>>Governor McCrory has made Medicaid reform his rallying cry, but strategies to cut costs remain a point of contention. A recent proposal from a Medicaid advisory committee seems to find the balance between pinching pennies and providing quality health care for North Carolina’s lower-income families. Hallelujah!
The proposal centers around a concept called Accountable Care Organizations (>>ACO’s). This system has been widely implemented as part of the Affordable Care Act, and has been used with great success to manage the Medicare program, health coverage for senior citizens. The ACO’s would build on the success of our state’s award-winning Community Care program, which already supports 80% of Medicaid recipients with nurseline support, home visits, and health education. Under an ACO, Medicaid recipients would have a network of physicians and specialists who managed their care in concert, consolidating doctor’s visits and tests.
Patients aren’t the only ones who benefit from ACO’s. In addition to supporting the patient, they act as a cost-saving measure. The ACO helps minimize program costs, and in exchange the state allows it to keep some of the savings. If medical costs go over acceptable levels, the ACO must pay the difference. This will allow the state to better budget for Medicaid expenses while saving money overall.
Pushback from stakeholders
Although the ACO plan sounds promising, it>> has not received widespread support from state lawmakers. The only Senator on the Medicaid Advisory Committee, Sen. Louis Pate (R-Mount Olive) says the plan doesn’t go far enough to curb state spending on Medicaid.
North Carolina residents receive about $12 billion in Medicaid benefits each year, $3.5 billion of which gets shouldered by state budgets. The federal government pays for the rest. Under the proposed ACO plan, costs would decrease by about>> 3% a year—a savings of hundreds of millions of dollars.
Although those savings would be spread among the ACO, the federal government, and the state, it still could close the gap and cover what the Department of Health and Human Services says amounts to a>> $130 million shortfall in their annual operating budget. Keeping the program in the black would mean a huge sigh of relief for administrators and officials.
But Senator Pate—and other naysayers of this reform—say they’d like to see Medicaid privatized. The Governor had suggested privatization in an earlier proposal, but was met with vociferous opposition from coalitions of doctors, nurses, and appointees within McCrory’s own cabinet. Privatizing Medicaid would create a for-profit entity, and many worry patient care would take a backseat in favor of high profits.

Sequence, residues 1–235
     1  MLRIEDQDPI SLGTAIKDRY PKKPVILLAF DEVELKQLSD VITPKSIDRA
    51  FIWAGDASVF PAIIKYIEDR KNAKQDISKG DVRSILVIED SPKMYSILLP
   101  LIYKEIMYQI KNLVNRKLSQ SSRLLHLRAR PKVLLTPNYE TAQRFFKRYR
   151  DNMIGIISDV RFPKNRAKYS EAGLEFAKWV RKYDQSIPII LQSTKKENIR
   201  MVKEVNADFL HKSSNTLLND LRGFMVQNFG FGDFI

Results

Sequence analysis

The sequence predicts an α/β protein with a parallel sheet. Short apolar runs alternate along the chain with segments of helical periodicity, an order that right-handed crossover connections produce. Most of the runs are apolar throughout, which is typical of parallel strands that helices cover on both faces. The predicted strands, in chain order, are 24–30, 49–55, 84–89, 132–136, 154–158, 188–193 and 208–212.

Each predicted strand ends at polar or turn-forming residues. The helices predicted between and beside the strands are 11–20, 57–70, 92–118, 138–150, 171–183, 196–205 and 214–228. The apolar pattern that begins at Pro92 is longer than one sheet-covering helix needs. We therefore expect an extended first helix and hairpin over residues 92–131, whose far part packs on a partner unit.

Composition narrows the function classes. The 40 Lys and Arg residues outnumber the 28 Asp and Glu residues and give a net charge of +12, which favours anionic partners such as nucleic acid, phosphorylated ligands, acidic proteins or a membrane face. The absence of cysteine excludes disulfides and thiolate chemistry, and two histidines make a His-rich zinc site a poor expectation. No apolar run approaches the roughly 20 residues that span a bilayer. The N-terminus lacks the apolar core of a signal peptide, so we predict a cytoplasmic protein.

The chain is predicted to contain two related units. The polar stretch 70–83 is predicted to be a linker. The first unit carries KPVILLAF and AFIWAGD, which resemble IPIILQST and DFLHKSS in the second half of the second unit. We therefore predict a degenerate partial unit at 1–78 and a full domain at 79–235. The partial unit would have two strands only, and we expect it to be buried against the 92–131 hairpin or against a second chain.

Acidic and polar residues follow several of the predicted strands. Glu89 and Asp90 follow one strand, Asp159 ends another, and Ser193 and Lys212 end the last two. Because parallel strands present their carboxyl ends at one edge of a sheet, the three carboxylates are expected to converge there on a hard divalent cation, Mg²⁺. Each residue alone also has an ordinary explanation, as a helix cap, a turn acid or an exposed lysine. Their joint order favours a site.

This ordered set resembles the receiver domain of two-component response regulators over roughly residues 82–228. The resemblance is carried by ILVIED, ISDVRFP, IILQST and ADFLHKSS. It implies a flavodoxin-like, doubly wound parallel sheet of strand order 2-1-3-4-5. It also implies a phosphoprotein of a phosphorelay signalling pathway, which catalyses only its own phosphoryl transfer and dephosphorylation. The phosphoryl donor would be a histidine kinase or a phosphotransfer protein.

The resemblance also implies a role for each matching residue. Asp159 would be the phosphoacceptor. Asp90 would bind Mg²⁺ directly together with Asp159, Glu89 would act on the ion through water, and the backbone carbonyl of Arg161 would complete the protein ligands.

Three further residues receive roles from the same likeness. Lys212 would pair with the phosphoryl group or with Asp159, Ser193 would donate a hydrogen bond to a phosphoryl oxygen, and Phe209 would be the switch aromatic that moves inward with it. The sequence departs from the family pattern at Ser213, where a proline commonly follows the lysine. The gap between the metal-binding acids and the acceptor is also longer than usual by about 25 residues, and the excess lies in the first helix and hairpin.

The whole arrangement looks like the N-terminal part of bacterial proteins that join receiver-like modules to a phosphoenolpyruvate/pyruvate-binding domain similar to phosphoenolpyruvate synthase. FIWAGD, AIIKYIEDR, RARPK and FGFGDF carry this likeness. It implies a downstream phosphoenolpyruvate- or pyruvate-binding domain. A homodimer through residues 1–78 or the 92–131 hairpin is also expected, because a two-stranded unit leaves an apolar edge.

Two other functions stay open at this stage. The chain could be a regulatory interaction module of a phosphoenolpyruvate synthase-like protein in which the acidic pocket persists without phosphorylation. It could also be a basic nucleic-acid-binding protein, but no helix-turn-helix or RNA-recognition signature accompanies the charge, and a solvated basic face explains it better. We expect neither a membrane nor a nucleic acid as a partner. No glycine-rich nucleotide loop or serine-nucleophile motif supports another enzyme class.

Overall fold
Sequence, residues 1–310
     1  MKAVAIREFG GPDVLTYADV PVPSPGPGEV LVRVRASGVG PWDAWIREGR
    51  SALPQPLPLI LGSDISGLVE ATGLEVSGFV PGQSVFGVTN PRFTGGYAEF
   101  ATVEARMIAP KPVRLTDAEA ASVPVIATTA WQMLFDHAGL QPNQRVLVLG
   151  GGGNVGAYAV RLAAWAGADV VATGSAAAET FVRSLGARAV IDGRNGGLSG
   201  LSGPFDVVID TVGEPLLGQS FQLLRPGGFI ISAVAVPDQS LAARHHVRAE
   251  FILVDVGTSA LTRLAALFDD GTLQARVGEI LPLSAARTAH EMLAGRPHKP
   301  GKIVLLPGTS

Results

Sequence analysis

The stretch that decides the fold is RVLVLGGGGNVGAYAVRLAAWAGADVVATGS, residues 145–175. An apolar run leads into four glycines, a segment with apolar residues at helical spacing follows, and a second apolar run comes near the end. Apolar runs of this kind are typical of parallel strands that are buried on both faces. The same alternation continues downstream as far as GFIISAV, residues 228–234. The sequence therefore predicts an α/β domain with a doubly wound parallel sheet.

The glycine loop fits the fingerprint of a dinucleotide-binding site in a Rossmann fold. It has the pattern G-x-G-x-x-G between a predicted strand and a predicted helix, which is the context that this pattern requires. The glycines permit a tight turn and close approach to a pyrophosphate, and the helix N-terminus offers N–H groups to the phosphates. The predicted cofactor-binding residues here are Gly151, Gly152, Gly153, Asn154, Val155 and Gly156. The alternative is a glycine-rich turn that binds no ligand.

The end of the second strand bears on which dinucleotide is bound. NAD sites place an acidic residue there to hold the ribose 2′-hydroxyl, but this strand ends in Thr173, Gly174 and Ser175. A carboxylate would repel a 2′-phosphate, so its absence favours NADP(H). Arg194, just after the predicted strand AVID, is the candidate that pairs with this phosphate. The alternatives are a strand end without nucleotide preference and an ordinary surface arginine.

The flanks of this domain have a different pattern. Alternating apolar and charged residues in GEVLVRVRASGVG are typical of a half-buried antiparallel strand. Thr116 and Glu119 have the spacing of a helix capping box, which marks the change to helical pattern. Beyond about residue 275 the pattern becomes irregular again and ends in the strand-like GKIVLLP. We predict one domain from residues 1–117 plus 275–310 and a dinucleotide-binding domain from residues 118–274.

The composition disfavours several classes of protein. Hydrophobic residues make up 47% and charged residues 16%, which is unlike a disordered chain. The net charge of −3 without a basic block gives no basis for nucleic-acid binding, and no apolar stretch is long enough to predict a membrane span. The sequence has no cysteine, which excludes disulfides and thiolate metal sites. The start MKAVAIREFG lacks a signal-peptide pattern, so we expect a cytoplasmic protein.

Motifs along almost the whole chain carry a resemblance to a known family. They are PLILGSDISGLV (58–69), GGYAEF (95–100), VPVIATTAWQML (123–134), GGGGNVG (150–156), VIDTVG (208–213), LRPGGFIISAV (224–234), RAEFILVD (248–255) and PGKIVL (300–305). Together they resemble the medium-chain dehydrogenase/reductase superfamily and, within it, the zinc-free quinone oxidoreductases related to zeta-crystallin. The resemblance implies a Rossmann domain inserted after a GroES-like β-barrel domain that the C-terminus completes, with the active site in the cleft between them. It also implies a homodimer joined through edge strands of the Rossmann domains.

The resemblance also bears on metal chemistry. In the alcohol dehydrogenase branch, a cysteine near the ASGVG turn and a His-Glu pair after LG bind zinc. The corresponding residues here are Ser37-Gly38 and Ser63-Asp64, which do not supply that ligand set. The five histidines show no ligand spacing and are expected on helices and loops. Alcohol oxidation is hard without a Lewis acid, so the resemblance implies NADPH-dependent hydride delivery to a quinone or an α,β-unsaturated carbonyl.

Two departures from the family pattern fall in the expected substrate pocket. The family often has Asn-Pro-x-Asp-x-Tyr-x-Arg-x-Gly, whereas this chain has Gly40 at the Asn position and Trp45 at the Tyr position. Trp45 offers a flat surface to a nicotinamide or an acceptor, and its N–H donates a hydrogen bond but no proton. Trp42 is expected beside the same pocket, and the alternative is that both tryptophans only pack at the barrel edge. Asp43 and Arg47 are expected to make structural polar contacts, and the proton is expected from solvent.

The General Assembly will hear the ACO proposal during the budget session this summer. Many leaders within the House and Senate have indicated they would like to see major changes to this plan before they consider passing it into law.
Patients and administrators win
The ACO proposition also rewards frugal medical spending, but without the big business accounting crunch. Doctors and other medical practitioners would be free to treat their patients as they see fit, but medical groups would be rewarded for decreasing spending overall and minimizing duplicated care.
Patients would benefit from having doctors who work together and who have shared access to their medical records and histories.
Not a perfect system
>>Mental health care is the major exception to the progress expected with the implementation of an ACO plan. Currently, NC Medicaid patients who need mental health services get referred to 1 of 10 outside agencies who handle their needs. Under the new plan, this program stays in place, but with only four agencies handling mental health care. This means a patient diagnosed by her general practitioner with a mental illness would need to navigate a different system to get both therapy and psychoactive drugs—a process that can be onerous and off-putting.
Others worry that consolidating health care practices could cause semi-medical-monopolies in some areas, giving patients less options and leading to higher costs due to lack of competition. Leaders in the health care policy field acknowledge this as a potential drawback, but say it’s a problem that exists in medical practices now, even without ACO oversight.
Build on success
Medicaid is a>> tremendously successful program in North Carolina. Last year, more than half of babies born in state hospitals had their births covered by this program. Women make up 60% of program participants, and hundreds of thousands of children every year get checkups, vaccinations, and emergency visits because of Medicaid or one of its subsidiaries.
In fact, Medicaid could reach even further. With the Affordable Care Act, the federal government offered to fund Medicaid expansion in all 50 states.>> North Carolina turned down this money, claiming it couldn’t afford the extra expense. But according to The Kaiser Family Foundation, 28% of all uninsured North Carolinians would get coverage under the expansion, which would cause a 0.3% increase in state Medicaid spending through the year 2022. Although McCrory has been urged many times to accept this expansion, he has not yet made moves to do so.
Increasing coverage to so many North Carolinians at such a low cost would decrease per capita spending overall. With such a strong focus on decreasing Medicaid costs, expanding Medicaid seems like a no-brainer.